• Anything else important to you to keep the data you want to transfer to the US organisation secure. Remember: as the data controller, you’re legally accountable for keeping the data entrusted to you safe.

Also remember that, since you’re engaging another organisation to process data on your behalf, you’d need to put a standard Article 28(3) contract in place. The ICO [Information Commissioner’s Office] has some great guidance on what to include in this contract on its website.

What about US organisations? What must they do to sign up to the DPF?

A US organisation has to self-certify to the DPF that it’s meeting the requirements, which are similar to those under the now-obsolete Privacy Shield.

The DPF requirements include:

  • Informing individuals about the data processing;
  • Providing free and easily accessible mechanisms for resolving disputes;
  • Cooperating with the U.S. Department of Commerce;
  • Maintaining data integrity and purpose limitation;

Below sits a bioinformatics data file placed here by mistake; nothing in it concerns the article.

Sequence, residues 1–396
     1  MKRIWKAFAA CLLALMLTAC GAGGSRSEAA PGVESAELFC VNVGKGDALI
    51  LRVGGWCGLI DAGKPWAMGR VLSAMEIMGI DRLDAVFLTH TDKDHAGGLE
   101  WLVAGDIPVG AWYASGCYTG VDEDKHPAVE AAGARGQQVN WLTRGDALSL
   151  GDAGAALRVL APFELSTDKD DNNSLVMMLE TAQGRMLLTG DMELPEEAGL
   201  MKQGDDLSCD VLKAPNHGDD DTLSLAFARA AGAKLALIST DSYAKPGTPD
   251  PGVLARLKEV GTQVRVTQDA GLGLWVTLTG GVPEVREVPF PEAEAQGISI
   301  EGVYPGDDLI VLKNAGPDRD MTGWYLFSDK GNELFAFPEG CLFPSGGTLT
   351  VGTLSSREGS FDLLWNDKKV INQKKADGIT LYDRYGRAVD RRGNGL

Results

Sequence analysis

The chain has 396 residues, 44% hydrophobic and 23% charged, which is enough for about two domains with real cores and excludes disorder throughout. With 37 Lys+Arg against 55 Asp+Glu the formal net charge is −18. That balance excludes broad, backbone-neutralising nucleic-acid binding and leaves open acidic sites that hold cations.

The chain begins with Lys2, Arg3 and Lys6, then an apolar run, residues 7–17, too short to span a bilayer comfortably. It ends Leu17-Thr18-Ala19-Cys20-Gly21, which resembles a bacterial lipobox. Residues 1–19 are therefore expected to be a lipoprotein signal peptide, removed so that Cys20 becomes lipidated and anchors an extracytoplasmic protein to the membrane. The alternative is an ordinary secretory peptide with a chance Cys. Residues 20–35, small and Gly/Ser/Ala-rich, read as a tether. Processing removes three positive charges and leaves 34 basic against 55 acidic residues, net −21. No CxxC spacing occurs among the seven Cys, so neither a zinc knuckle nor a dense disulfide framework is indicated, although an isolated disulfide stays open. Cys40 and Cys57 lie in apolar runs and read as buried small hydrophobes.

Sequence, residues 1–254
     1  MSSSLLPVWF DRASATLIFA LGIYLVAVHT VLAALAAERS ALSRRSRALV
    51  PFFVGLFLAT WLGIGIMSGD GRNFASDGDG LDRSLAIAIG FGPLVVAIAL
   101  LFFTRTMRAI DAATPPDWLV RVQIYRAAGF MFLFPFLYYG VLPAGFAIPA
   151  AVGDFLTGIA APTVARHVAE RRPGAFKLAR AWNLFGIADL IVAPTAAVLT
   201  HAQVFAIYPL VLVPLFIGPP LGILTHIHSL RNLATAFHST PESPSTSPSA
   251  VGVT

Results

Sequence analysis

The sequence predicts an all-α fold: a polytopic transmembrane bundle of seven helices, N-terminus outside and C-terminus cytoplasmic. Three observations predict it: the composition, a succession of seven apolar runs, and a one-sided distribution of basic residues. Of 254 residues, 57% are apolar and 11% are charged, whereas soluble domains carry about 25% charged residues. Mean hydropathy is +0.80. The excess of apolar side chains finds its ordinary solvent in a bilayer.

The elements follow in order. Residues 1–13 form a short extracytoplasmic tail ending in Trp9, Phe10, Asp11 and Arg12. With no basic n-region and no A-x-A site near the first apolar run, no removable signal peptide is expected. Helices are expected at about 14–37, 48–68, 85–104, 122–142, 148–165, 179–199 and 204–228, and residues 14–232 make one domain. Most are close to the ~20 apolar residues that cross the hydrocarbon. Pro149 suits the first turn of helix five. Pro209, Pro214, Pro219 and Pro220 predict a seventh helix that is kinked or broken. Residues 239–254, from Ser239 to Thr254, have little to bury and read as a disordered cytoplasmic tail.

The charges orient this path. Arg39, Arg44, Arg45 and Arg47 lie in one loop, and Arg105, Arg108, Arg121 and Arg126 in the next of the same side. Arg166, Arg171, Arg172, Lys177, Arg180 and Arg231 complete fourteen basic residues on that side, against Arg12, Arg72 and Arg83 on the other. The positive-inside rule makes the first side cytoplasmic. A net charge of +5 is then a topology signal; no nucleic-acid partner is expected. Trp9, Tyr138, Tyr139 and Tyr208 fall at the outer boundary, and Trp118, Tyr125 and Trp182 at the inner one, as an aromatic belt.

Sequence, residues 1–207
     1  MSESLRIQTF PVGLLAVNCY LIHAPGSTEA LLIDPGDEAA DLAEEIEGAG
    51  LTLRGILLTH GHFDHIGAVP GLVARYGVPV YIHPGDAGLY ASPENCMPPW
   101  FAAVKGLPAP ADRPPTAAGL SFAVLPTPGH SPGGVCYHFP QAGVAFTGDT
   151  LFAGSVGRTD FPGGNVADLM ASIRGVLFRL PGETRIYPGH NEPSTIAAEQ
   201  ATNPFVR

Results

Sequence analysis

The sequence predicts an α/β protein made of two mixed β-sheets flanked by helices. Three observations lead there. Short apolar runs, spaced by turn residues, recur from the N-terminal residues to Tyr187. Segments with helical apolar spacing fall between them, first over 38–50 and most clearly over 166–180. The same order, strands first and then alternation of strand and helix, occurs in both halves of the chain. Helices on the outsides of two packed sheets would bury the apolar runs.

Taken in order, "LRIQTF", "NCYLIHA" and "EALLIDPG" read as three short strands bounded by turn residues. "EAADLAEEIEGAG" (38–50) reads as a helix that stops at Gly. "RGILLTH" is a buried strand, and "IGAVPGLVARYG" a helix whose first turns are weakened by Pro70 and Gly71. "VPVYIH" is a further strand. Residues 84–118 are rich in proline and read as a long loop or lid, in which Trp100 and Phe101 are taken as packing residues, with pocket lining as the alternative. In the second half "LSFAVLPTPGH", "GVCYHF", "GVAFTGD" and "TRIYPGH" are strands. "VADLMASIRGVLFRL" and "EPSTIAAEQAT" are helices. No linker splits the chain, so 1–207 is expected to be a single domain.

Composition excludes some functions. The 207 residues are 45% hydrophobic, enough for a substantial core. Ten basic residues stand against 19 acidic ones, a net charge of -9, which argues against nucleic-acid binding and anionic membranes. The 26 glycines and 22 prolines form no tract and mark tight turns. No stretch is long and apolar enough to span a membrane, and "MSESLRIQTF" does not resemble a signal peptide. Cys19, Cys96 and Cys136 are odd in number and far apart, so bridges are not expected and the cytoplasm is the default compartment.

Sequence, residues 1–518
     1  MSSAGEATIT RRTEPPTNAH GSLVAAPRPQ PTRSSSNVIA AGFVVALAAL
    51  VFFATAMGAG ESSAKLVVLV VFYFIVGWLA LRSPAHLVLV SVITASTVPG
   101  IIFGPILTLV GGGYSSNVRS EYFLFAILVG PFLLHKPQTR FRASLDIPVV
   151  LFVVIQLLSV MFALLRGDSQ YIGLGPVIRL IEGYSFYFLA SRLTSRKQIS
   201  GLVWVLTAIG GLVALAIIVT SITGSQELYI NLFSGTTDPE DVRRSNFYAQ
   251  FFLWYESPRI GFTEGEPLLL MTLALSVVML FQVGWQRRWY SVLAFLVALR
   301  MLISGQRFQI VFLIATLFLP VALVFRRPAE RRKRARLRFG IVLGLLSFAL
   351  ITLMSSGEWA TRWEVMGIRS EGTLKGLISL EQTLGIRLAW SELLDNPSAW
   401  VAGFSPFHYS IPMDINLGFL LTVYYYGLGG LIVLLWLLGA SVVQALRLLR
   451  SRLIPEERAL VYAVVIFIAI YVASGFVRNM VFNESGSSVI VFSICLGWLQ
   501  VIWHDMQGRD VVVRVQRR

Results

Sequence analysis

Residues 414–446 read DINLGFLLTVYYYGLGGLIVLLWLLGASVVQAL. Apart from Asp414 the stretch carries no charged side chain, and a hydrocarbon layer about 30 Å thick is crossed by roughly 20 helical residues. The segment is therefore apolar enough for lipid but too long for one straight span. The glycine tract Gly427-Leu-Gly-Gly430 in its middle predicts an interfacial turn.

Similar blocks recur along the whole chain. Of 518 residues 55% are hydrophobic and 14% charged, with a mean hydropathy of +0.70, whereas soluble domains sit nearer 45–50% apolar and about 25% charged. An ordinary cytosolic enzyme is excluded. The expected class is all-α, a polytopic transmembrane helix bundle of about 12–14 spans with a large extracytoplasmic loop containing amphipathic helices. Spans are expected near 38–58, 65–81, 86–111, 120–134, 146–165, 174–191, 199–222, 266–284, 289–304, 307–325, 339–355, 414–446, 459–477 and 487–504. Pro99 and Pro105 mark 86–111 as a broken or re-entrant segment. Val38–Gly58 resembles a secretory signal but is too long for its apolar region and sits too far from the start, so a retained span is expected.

• Ensuring accountability for data transferred to third parties, like sub-contractors;
  • Transparency related to enforcement action; and
  • Ensuring commitments are kept as long as data is held.

The DPF website has a full guide to self-certification that organisations may find useful.

Is the DPF/adequacy decision always the best mechanism to rely on for UK–US data transfers?

I‘d say that it’s generally the easiest mechanism, rather than the best.

Although the adequacy decision offers an efficient and legal route to send personal data to the US for processing, it’s important to understand that it has limitations.

Once a US organisation has self-certified to the DPF, this won’t be challenged unless a complaint is lodged – which is, by the way, a common issue with self-certification schemes.

That doesn’t mean that we should dismiss such schemes out of hand, but it does mean that it’s important to conduct your own due diligence by checking for points such as the ones I mentioned earlier.

Does that mean you still recommend UK organisations to consider the IDTA or BCRs as alternative mechanisms?

Depending on the organisation’s needs, they can certainly provide a suitable alternative.

With the IDTA, an Article 28(3) contract isn’t needed. Instead, an ICO-approved contract is put into place, which must be used in full without removing any of the clauses, but organisations may add new ones. It must also be accompanied by a transfer risk assessment, a tool for which is available on the ICO website.